"key": {
            "expr": "description"
          },
          "values": [
            {
              "expr": "${integration.keyOfForEach}: ${integration.valueOfForEach}"
            }
          ]
        }
      ],
      "forEach": "${data.myMap}",
      "logLevel": "debug"
    }
  ]
}

For each logic can as well be applied inside the value section for and update key. The list or map will be iterated and the values result will contain n entires that are then mapped to the defined key. Please ensure to set the mode to "list" if not only the first value is to be used as a result (default mode for every key in the update section of a processor is "selectFirst" to only take the first non null result from what was defined in the values array. The "inner forEach" is behaving exactly as if the admin defined a fix number of elements in the "values" section.

Example: Nested forEach

Using all three options to iterate with "forEach" functionality, Integration API now allows to ingest data in LDIF where data structures are nested up to three levels.

{
 "key": {
  "expr": "targetITComponents"
 },
 "mode": "list",
 "values": [
  {
   "forEach": {
    "elementOf": "${lx.relations}",
    "filter": "${true}"
   },
   "map": [
    {
     "key": "id",
     "value": "${integration.output.valueOfForEach.target.id}"
    },
    {
     "key": "type",
     "value": "${integration.output.valueOfForEach.target.type}"
    },
    {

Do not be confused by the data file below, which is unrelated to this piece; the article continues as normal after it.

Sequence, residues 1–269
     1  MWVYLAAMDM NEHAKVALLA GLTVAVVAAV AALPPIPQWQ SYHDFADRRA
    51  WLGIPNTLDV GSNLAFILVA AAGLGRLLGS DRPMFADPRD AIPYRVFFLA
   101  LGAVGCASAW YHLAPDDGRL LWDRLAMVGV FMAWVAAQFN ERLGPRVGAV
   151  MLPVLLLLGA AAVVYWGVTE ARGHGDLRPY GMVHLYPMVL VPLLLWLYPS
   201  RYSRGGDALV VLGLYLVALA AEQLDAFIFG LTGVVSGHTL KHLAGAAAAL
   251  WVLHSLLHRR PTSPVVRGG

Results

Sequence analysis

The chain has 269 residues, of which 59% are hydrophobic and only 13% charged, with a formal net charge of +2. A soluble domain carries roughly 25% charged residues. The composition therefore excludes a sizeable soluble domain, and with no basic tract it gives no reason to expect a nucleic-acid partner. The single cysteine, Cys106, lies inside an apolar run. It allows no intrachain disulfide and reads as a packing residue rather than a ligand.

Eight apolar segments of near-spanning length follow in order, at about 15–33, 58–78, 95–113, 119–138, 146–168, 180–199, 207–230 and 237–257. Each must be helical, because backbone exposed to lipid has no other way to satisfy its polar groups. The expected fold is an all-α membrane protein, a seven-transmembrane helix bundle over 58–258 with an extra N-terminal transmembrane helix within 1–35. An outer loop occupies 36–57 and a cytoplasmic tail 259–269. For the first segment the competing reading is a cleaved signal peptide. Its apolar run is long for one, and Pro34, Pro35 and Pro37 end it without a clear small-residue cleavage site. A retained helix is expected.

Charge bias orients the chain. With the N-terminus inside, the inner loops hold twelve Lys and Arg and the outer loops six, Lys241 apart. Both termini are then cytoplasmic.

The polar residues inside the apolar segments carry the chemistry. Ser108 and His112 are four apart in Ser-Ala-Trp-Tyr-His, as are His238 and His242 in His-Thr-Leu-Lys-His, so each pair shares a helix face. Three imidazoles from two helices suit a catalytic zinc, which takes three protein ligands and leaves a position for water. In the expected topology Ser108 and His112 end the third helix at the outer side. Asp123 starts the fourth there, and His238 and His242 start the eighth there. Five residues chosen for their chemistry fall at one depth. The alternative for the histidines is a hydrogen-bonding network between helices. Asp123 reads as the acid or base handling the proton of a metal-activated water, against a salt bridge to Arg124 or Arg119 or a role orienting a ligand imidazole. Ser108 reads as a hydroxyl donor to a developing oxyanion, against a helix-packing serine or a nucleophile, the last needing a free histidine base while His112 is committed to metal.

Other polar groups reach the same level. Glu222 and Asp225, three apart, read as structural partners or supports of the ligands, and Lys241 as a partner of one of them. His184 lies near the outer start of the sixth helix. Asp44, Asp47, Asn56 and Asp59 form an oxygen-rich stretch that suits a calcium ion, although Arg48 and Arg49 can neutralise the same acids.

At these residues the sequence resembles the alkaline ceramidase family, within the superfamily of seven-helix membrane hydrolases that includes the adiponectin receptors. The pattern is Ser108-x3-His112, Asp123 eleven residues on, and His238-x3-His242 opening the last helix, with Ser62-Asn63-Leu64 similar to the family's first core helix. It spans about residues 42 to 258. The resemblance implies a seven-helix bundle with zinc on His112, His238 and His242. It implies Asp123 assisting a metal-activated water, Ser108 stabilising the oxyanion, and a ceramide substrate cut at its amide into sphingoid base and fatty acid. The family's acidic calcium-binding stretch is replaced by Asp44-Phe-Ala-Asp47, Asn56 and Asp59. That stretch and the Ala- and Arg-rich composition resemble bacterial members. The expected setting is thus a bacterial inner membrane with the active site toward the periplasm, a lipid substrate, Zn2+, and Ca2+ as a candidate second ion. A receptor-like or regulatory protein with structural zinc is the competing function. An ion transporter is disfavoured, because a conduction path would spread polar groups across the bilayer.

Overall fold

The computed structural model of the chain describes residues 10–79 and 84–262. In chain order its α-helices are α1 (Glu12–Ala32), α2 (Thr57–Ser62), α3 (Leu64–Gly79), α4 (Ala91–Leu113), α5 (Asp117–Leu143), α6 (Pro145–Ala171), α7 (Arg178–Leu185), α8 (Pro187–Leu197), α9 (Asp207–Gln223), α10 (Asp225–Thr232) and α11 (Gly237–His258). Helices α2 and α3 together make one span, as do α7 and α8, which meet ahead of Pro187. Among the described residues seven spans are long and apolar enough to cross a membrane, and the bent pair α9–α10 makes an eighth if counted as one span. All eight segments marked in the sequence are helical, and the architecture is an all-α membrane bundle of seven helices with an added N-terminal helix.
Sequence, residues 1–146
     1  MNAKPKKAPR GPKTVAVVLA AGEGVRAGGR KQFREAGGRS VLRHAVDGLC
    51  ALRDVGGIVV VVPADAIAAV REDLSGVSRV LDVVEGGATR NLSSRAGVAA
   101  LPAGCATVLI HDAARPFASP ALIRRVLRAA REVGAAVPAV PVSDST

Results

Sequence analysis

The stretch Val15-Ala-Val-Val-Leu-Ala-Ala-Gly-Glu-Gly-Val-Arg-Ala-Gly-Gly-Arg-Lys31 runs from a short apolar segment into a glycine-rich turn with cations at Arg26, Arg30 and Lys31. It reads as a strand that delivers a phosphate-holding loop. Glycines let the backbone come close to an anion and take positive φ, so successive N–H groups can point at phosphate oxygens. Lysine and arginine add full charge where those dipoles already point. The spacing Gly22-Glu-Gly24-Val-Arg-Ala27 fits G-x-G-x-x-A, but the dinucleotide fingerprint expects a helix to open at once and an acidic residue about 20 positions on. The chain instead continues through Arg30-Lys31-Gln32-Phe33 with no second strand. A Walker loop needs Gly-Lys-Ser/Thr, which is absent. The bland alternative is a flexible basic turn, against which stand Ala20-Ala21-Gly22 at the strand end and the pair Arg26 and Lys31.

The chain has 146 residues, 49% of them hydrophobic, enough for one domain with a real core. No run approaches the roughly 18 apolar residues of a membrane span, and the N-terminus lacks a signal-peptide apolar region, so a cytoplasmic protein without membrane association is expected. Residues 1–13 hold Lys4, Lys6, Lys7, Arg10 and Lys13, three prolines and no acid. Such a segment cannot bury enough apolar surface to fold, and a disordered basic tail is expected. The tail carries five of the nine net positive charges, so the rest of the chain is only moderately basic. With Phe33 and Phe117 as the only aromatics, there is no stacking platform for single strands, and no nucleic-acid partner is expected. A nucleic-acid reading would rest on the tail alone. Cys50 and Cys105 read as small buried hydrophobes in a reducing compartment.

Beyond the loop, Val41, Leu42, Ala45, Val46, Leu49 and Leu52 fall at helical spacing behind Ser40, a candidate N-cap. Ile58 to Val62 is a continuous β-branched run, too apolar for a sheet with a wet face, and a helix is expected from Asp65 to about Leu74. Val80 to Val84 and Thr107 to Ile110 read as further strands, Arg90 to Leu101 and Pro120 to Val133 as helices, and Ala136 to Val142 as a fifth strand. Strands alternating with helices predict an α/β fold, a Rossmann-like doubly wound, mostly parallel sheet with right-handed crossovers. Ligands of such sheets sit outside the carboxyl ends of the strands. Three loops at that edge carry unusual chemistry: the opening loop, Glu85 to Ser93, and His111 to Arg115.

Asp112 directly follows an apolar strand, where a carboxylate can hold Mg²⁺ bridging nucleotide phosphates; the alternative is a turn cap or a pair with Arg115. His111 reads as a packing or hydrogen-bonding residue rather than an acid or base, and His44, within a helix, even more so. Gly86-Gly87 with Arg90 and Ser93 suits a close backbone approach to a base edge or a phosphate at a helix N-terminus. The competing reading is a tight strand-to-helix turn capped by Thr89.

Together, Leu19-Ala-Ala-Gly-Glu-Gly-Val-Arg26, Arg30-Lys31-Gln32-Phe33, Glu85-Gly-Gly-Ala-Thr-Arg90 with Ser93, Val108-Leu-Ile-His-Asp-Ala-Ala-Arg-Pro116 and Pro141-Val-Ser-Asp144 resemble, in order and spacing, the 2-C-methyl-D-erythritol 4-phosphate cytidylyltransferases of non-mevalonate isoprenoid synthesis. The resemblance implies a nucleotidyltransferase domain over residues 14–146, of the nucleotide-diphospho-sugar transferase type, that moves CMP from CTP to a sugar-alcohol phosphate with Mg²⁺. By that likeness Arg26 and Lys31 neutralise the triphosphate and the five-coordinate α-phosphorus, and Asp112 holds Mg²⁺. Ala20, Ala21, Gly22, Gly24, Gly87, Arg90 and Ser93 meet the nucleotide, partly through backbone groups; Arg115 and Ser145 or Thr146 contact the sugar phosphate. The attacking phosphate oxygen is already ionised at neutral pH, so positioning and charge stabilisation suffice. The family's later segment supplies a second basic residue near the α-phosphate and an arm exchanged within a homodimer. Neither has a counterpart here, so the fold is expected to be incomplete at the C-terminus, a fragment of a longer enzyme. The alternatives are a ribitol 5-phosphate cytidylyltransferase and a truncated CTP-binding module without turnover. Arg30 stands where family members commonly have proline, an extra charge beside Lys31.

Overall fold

"key": "name",
     "value": "${integration.output.valueOfForEach.target.displayName}"
    }
   ]
  }
 ]
}

Given the processor was configured to read relations (read section) and put the results into a list "lx-relations", the above example of an outboundFactsheet processor, will output all relation results into an array as value of a key named "targetITCmponents".
Please note that admins may configure the filter JUEL expression evaluating to boolean in order to not have some of the input list elements in the output. The JUEL may contain references to "integration.output.valueOfForEach" and filter on any content.

A third option to iterate using "forEach" is to add the key at the level of "updates". It allows to create a dynamic set of field updates to be pushed to e.g. a Fact Sheet. In the below example the fields to be updated will be read from the incoming LDIF. In order to execute the example, the referenced Fact Sheet needs to already exist. Most easy way is to one time execute the "starter example" configuration on the workspace.

Example: forEach : dynamic fields

{
 "processors": [
  {
   "processorType": "inboundFactSheet",
   "processorName": "Apps from Deployments",